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February 2007 Vol. 22, No. 2   RSS Feed for Undercurrent Issues
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Getting the LEDs Out

from the February, 2007 issue of Undercurrent   Subscribe Now

Dive lights using LEDs (light-emitting diodes) provide a good alternative to traditional halogen/filament bulbs. According to Britain’s DIVE magazine, LEDs may not match filament bulbs in output but they do offer much reduced power requirements and generate virtually no heat. As a result, they give much longer burn times, even the inexpensive alkaline AA-size batteries. This keeps the size down to allow them to be kept unobtrusively in a BC pocket, ready for use when needed. The light output is much easier on the eye over long periods. The LEDs themselves are virtually indestructible and claim a life of around 100,000 hours.

Underwater photographer Peter Rowlands tested a dozen LED “torches” (as the Brits call them), and several ranked 9 out of 10 for superior light output, duration and construction (basically aluminum or plastic, which is cheaper and lighter but more prone to flooding in Rowlands’ experience). Here’s what he had to say about his top choices on sale in the U.S.:

The Underwater Kinetics Sunlight C8 eLED was the largest light tested as it takes eight C-size batteries. The eLED circuitry, like the MiniQ40 eLED described below, maintains a constant voltage for consistent output throughout the battery’s life. The lantern design is much more like a traditional diver’s light and the output is very impressive, with two power settings to provide longer burn times. The lens cover is well recessed and protected by a rigid plastic cover. The molded handle sits nicely in the hand and the on/off switch is ergonomically positioned for easy use. If you already own a C8, you only have to buy the eLED module to upgrade, and you can use alkaline batteries as well as an optional rechargeable NiCad pack.

The Underwater Kinetics MiniQ40 looks different from others tested and it is, because unlike the rest, it has voltage control circuitry incorporated to keep the brightness at maximum during the battery life. The front bezel is protected by a rigid rubber cover for increased impact protection, and a mask strap is supplied to mount the MiniQ40 on the side of your head, if required. The main O-ring seal is fatter than most, thereby offering an increased sealing area. Both Underwater Kinetics lights in this test are ‘retrofit,’ so if you already own a conventional light you can convert it to eLED by buying just the lamp module.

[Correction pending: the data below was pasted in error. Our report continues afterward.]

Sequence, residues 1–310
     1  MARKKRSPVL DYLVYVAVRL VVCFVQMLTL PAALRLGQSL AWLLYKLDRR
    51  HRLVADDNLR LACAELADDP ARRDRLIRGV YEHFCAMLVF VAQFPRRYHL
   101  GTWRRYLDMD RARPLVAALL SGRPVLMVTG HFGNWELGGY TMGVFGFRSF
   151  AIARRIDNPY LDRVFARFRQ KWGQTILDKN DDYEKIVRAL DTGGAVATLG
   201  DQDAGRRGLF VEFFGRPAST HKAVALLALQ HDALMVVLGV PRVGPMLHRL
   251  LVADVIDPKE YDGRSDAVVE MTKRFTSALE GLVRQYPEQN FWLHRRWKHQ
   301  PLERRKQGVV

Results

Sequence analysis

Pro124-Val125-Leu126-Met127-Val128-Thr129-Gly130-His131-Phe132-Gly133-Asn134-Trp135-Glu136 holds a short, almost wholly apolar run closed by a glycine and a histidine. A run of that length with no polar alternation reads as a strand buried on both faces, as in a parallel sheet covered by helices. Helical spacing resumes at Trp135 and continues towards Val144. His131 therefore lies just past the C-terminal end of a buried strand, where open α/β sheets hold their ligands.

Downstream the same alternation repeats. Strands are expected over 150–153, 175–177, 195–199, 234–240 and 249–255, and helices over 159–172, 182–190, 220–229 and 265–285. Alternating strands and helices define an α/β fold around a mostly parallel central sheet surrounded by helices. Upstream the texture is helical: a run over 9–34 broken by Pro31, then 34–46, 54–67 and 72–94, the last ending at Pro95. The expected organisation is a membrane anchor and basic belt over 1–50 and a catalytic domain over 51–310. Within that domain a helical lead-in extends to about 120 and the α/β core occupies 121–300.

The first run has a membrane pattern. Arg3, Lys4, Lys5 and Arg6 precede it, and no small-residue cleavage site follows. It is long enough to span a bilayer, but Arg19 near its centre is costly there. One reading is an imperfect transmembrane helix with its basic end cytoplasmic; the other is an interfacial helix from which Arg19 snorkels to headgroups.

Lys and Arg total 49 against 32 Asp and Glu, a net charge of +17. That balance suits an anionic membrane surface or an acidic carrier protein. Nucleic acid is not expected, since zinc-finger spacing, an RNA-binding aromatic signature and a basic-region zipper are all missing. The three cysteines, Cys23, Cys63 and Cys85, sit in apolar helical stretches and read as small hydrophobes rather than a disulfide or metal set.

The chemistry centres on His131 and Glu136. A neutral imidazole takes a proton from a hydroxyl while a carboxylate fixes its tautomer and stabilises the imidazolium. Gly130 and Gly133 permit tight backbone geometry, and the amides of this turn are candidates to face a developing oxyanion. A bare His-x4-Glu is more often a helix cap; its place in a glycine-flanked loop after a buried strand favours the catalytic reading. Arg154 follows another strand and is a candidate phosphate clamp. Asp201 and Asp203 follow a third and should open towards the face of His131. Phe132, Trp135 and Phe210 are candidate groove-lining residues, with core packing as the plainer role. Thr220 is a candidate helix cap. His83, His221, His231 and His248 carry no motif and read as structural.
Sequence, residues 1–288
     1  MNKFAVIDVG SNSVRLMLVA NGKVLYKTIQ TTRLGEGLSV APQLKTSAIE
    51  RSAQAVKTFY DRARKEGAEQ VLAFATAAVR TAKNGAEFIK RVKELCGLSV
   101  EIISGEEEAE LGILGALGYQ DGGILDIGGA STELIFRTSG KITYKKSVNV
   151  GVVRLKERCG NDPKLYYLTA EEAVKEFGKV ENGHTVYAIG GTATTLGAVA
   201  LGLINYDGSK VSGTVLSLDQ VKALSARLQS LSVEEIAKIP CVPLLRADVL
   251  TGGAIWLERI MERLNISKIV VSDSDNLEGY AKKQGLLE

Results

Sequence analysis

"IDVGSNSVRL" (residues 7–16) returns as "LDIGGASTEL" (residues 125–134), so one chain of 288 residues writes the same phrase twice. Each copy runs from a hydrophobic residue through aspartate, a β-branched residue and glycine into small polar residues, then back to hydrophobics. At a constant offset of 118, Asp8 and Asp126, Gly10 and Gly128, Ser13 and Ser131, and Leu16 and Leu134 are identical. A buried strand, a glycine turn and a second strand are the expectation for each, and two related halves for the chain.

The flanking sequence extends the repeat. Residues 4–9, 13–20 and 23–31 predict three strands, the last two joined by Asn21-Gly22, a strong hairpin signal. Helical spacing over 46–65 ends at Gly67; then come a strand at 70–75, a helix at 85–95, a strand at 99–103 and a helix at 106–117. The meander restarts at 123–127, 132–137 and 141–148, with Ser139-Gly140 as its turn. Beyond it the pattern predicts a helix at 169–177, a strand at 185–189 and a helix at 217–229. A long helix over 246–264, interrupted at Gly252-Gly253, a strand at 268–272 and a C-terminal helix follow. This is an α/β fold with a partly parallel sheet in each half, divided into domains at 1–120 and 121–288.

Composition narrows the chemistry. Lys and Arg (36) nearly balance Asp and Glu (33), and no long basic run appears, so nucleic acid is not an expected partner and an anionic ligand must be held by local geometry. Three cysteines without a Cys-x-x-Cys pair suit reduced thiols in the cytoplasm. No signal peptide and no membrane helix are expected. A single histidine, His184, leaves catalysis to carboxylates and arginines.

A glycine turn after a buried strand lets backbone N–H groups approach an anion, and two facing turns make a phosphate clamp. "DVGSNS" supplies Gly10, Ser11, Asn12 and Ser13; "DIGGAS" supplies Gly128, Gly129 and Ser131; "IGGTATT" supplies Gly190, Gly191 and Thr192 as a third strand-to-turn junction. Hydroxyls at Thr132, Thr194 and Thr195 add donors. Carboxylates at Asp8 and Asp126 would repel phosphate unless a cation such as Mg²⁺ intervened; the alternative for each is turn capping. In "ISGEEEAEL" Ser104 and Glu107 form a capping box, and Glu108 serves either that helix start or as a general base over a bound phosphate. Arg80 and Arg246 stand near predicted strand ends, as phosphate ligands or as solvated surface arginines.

The Aquatec Aqua-Star is a stylish, machined-aluminum light that would survive life in a BC pocket yet still be ready for use when required. The front port is recessed for protection, and the double O-ring seal is reassuring and easy to maintain. The rotary on/off switch control is very precise, requiring only a tendegree rotation and, being at the rear, would lend itself as an excellent focus light on a camera system. The Aqua-Star torch represents excellent value for money and, because of the photographic connection, is my favorite.

The Dive Rite LED had me fooled at first — then I read the instructions! The front bezel has to be screwed down fully counterclockwise, through the on position, to turn it off. You then rotate it clockwise to turn it on. This is the opposite of the others tested. The result is a good design which would be okay to turn on and off underwater. The seven-LED array provides a slightly bluer light and the burn time with four AA batteries is very impressive. The built-in rubber handgrip is also a nice touch. The Dive Rite LED is a good backup torch and preferable to the other small plastic ones.

Traveling divers with concerns about baggage weight limits might find smaller (and generally) lighter LED lights the way to go.

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